Plantar fasciitis is an injury which affects 10% of the general population and is characterized by medial heel pain near the insertion of the plantar fascia into the calcaneal tubercle, and is the third most common injury among runners. While common treatments include, R.I.C.E., stretching, taping, and orthosis, no study has compared arch taping and a heel-pain orthosis on plantar pressure and pain among patients with plantar fasciitis. Therefore, Van Lunen and colleagues, performed a cross-over study of 17 individuals (12=women, 5=men), to compare the effects of augmented low-dye ankle taping (ALD) and a heel-pain orthosis (HPO; VASYLI Heel Pain Orthotic, VASYLI International, Queensland, Australia) on pain, peak plantar pressure, and mean plantar pressure in 4 areas of the foot. The authors measured peak pressure and mean plantar pressure using a Pedar in-shoe pressure system (measures 4 regions – lateral rearfoot, lateral forefoot, medial rearfoot, and medial forefoot) as well as pain using a 100-mm visual analog scale. Participants wore their own athletic shoes and were given a 5 minute warm-up. Each participant walked for 90 seconds and jogged for 90 seconds (2 separate trials) during each intervention (control [no intervention], ALD, and HPO). A 6 minute rest period was provided between each intervention. Plantar pressure data were collected for the middle 30 seconds of each trial, whereas pain was recorded after 60-seconds for each trial. The authors found that the ALD intervention had lower mean plantar pressure in the lateral rearfoot region compared with the other interventions. Analysis of peak plantar pressure revealed a higher peak plantar pressure in HPO trials than either control (no intervention) or ALD trials. Both interventions decreased pain during walking (HPO = 59% decrease, ALD = 64% decrease) and jogging (HPO = 54% decrease, ALD = 62% decrease) compared to no intervention. The changes in pain were considered clinically relevant (reduction of 9 to 13mm on visual analog scale). The authors also stated that the ALD “was better at decreasing overall plantar pressure in jogging, and may be a better choice for treatment of active adults.”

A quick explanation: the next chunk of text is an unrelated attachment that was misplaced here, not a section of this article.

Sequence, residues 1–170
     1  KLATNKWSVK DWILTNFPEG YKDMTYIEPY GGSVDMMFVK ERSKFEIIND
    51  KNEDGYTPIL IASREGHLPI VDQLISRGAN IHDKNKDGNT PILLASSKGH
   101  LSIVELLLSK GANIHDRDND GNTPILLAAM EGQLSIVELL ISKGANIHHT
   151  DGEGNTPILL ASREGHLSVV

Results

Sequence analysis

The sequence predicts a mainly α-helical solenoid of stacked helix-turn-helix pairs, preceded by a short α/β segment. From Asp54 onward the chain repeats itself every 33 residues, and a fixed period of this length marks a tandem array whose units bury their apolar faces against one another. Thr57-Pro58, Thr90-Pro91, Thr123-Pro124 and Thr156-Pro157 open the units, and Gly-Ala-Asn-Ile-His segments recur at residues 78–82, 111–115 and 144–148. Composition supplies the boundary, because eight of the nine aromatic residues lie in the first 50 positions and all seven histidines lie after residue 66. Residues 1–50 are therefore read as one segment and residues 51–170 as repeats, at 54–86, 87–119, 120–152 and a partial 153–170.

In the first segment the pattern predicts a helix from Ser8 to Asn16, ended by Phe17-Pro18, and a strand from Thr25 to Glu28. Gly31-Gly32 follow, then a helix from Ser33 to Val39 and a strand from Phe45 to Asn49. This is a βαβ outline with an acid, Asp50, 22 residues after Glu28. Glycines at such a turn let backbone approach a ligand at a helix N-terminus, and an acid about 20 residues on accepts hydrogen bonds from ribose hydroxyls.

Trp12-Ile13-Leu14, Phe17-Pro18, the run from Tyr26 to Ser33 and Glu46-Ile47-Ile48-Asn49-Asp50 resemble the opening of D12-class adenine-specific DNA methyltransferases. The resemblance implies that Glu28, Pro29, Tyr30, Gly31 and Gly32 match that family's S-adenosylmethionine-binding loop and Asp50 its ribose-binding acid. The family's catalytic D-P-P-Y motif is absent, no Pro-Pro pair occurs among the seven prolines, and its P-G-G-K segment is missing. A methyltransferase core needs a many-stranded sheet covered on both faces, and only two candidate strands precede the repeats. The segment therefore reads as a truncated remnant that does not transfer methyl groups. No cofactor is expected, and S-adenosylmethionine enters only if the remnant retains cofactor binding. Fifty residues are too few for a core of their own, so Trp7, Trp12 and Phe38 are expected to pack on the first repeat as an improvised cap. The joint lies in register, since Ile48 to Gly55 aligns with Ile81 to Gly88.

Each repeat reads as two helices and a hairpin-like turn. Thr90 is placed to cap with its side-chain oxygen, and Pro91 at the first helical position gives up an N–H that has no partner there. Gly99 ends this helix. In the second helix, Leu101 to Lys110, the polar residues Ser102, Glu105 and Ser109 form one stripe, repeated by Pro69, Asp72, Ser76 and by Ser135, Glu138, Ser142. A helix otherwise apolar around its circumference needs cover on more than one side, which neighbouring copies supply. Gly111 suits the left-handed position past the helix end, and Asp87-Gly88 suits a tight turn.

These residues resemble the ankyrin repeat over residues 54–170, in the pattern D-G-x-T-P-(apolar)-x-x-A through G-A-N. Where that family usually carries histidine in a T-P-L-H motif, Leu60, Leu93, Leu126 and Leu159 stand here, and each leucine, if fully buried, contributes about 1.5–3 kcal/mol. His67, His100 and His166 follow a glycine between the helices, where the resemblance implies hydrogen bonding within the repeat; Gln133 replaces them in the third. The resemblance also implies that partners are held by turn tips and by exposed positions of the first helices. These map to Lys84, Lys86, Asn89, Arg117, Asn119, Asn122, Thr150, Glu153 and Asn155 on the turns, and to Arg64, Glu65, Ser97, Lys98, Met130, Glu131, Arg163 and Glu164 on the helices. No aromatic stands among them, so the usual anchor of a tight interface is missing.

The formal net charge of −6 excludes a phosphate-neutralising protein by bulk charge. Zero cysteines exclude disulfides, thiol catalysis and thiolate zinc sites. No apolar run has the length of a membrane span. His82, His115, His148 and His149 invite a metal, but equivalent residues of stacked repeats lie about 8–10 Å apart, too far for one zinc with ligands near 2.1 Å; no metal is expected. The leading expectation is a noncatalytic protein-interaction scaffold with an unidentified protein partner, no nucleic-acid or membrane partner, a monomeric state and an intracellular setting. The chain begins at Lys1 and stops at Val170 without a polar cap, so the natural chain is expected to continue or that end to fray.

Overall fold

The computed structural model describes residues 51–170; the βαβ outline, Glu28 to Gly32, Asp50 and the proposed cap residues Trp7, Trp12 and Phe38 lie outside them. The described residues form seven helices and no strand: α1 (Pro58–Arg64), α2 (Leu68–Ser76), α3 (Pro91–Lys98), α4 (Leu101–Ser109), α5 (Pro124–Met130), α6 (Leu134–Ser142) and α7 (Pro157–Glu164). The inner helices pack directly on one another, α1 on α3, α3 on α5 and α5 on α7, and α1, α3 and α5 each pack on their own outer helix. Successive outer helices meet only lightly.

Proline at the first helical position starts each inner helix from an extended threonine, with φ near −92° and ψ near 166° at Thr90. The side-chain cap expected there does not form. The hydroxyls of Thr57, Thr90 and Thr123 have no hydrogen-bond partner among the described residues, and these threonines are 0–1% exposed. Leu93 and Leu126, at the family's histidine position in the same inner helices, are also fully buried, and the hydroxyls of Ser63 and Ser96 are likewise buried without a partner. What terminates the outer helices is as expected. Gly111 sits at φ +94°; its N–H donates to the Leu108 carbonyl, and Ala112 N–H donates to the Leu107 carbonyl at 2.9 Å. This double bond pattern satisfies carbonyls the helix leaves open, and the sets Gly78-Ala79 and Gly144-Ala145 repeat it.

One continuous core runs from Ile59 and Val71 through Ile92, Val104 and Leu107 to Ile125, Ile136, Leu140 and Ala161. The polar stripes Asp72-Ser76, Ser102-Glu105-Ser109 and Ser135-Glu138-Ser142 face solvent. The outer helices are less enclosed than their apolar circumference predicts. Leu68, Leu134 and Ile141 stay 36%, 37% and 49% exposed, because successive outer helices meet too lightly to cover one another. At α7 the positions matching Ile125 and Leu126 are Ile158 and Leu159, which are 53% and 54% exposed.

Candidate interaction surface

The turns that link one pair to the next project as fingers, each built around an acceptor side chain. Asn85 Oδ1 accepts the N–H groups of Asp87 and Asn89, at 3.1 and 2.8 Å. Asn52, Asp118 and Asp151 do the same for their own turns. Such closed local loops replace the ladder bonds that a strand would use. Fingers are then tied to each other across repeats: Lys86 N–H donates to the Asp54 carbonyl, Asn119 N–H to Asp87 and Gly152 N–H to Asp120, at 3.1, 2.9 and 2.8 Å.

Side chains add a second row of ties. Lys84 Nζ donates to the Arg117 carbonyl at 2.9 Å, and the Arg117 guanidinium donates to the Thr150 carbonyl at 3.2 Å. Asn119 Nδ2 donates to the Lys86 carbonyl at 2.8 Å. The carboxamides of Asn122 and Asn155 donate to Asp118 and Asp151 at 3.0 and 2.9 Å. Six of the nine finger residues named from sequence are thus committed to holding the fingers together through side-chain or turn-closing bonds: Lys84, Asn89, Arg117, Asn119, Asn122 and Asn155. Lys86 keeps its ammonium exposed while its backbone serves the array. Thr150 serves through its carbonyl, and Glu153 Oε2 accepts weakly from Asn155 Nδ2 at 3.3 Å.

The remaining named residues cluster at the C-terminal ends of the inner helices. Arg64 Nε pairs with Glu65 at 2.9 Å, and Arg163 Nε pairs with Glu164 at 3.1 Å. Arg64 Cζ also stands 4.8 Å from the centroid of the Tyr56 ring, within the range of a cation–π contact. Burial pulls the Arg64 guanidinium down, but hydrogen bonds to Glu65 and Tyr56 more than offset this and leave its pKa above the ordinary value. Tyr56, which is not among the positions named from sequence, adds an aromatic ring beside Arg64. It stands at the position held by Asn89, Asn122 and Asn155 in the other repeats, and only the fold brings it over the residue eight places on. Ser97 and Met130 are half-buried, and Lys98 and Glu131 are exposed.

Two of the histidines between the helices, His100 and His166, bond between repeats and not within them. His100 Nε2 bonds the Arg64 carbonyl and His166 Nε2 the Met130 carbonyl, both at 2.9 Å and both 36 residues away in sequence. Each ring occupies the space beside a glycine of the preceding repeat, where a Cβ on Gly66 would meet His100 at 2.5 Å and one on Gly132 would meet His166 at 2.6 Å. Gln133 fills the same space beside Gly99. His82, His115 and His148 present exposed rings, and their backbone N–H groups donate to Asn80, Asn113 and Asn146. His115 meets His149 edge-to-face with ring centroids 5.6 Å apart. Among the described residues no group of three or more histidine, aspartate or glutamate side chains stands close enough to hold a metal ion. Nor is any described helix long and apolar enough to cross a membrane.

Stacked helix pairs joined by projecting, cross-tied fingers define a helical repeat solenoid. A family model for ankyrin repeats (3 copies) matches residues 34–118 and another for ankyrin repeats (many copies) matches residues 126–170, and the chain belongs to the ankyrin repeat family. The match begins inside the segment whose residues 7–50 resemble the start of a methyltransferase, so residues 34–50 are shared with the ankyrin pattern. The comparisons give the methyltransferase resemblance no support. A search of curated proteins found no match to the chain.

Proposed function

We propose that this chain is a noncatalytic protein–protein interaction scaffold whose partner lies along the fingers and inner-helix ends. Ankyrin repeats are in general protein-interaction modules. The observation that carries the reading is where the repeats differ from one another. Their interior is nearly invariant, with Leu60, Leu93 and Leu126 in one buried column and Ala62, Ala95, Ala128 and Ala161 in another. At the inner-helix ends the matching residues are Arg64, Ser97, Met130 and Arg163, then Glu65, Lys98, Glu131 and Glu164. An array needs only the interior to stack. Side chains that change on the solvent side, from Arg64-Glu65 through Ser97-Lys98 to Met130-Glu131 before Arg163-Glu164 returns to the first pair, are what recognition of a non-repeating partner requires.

This study begins to address a commonly asked question among clinicians: Are orthotics or taping more effective? This particular study demonstrated that in the case of plantar fasciitis, ALD decreased pain and overall plantar pressure sufficiently. However, it is difficult to interpret these findings clinically as only 1 orthotic was tested, and the ALD taping was performed by 1 researcher, limiting the generalizability of the findings (e.g., will these findings be consistent with other clinicians). The authors also listed this among the study’s limitations as the orthotic used was “a cross between a study heel cup and a 3-quatrer length orthosis. Longer on the medial side it extends through the [medial longitudinal arch], extending proximal to the first metatarsophalangeal joint.” This suggests that the type of orthotic used may actually have increased plantar pressure, when other orthotics may decrease plantar pressures. It will be interesting to see future studies that explore plantar pressure in smaller regions of the foot (e.g., forefoot, midfoot, rearfoot) or evaluate how ALD and HPO hold up during longer walks or runs. Overall though, this study presents a great starting point in the discussion of whether orthotics or taping are more effective at acutely treating symptomatic plantar fasciitis. What have you found in your clinical experience? How do you prefer to treat plantar fasciitis? Are there any financial limitations? If you have used any of these interventions, how long have they provided relief?